Wednesday, April 28, 2021

The chaos in my mind... saved in text format

I had a long conversation with my best friend in Delaware yesterday about Yoshi. She is an equine vet and does a lot of PPEs for a woman who buys OTTBs to market as sport horses. She talked me down off the ledge of frustration, confusion, and hopelessness. We both came to the conclusion that the intern who was with the surgeon went back through the diagnostics later and wrote up the report. Not confusing at all there, but I know the intern wasn't there for at least one of the conversations I had with the surgeon, so I guess it was all open to their interpretation later. She felt that doing the ultrasound without blocking out the left front lameness was not a super useful thing to do. She said that if you ultrasounded the suspensory ligaments of a decent number of sound performance horses, you would find things you could be concerned about if they were lame. Which he was. But he could have been lame due to his left front foot, we don't know because he wasn't blocked to the location of his lameness on that leg. The only part that doesn't fit with foot is why this started with a mild left front lameness when the right front foot is worse. She also said that regardless of whether or not the suspensory ligament is the problem, the current recommendations for a suspensory ligament with enlargement but no tear was pasture rest. She recommended getting his feet right and then if there is still a lameness, working it up with a lameness exam with blocking to localize where the problem is. Makes sense. Also is a cheaper route. Interestingly enough, in the last week or so, there has been mild to no effusion in the fetlock - maybe that palmar osteochondral disease is resolving? He's now had pasture rest for 60 days.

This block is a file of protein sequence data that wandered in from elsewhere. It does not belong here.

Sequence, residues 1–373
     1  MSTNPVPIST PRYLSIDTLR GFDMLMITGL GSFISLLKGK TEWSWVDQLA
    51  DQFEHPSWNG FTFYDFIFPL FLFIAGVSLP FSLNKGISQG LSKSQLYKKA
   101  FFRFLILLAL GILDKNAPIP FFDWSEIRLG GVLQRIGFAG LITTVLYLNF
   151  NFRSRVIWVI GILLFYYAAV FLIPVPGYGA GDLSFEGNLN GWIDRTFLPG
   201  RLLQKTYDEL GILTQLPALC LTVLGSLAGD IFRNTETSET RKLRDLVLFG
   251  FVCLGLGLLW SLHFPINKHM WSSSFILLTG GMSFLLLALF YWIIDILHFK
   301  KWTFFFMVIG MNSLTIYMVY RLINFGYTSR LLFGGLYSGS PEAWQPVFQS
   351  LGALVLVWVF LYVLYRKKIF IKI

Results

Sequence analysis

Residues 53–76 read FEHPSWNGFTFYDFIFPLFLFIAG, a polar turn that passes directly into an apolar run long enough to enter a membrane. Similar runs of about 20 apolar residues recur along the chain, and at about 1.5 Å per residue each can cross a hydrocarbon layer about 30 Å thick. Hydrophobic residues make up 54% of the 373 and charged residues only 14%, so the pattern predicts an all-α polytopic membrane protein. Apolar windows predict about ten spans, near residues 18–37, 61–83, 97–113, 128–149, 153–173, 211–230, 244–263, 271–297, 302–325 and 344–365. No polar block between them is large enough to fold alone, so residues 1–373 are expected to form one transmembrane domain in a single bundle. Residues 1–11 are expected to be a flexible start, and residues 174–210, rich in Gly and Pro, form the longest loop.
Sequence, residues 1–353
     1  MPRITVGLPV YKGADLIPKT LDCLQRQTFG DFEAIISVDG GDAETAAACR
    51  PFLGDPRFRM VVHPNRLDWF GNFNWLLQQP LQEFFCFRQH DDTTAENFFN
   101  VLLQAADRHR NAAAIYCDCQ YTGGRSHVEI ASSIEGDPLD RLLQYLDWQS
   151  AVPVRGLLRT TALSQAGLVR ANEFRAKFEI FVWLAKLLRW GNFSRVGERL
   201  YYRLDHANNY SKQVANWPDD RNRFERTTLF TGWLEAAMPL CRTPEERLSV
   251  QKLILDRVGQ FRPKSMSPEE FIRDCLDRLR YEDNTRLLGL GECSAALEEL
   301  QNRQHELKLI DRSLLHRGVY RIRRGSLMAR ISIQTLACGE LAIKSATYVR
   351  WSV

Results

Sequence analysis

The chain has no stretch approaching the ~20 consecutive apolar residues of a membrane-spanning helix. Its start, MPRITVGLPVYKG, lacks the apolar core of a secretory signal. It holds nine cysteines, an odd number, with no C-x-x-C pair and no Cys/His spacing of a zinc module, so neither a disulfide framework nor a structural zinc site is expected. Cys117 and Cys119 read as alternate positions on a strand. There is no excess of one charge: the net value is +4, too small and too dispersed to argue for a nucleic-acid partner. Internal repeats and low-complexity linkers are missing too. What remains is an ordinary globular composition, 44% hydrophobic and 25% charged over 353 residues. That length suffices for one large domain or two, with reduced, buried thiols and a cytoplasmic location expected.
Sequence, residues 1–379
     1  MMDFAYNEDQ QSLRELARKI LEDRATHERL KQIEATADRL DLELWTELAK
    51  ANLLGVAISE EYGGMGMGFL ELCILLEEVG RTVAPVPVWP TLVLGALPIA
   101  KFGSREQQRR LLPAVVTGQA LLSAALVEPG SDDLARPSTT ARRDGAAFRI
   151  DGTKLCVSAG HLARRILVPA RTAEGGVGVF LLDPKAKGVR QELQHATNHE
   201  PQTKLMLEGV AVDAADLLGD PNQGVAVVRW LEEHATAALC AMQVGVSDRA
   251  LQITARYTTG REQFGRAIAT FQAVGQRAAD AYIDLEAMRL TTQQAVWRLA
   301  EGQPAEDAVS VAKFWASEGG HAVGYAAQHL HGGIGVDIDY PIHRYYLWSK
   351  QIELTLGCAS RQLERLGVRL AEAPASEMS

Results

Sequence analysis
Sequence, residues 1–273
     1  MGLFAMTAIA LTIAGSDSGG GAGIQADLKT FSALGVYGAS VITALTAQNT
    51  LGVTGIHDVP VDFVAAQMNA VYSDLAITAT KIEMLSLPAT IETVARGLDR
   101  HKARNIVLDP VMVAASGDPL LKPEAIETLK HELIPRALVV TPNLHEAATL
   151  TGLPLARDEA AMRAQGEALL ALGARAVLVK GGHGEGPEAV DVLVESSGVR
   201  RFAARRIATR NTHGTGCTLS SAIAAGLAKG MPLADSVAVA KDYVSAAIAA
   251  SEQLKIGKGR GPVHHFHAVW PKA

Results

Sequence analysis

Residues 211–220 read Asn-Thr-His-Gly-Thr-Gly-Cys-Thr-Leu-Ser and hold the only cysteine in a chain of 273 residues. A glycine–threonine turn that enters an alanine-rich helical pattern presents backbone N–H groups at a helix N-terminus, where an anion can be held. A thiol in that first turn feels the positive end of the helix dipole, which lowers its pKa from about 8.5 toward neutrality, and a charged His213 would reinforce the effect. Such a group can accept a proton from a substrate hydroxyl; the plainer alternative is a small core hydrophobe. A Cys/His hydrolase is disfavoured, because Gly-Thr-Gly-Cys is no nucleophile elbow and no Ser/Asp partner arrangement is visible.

Armed with that information, I palpated his suspensory ligaments in all 4 legs. Starting with the left front. He did not palpate sore over the branches, but did palpate sore on the proximal half of it. Uhoh. Moved on to the right front, same thing. Repeat on legs #3 and 4. Hmmm... consult with BFF. Yeah, really unlikely he has high suspensory problems in both front legs and high suspensory/hock problems in the hind. Probably doesn't appreciate your pinchy little fingers there. Really? This is normal? Even though I can palpate the SDFT and DDFT without a problem? Yes.

I feel like I keep flailing around in this lameness quagmire. I thought taking him to a boarded specialist and agreeing to all the diagnostics he recommended would get me an answer. Ha. Turns out unless I find a professional I can put all my faith in (would love if my BFF just moved back down here) I'm going to have to keep synthesizing all this information and coming up with a plan with the help of professionals rather than blind faith in them. But putting the whole picture together is hard.